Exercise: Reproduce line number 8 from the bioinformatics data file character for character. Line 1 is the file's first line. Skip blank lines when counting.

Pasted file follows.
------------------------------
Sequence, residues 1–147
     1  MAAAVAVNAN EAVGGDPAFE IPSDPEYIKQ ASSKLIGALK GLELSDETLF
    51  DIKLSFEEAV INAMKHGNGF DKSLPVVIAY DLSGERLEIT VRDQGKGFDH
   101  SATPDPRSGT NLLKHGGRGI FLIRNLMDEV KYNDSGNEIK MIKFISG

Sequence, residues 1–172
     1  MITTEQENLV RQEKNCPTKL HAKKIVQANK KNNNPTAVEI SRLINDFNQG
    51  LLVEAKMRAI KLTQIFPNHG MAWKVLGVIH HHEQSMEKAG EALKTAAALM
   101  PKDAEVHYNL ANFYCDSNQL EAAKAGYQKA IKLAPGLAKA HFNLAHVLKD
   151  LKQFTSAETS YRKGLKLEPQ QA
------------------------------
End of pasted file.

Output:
   101  PKDAEVHYNL ANFYCDSNQL EAAKAGYQKA IKLAPGLAKA HFNLAHVLKD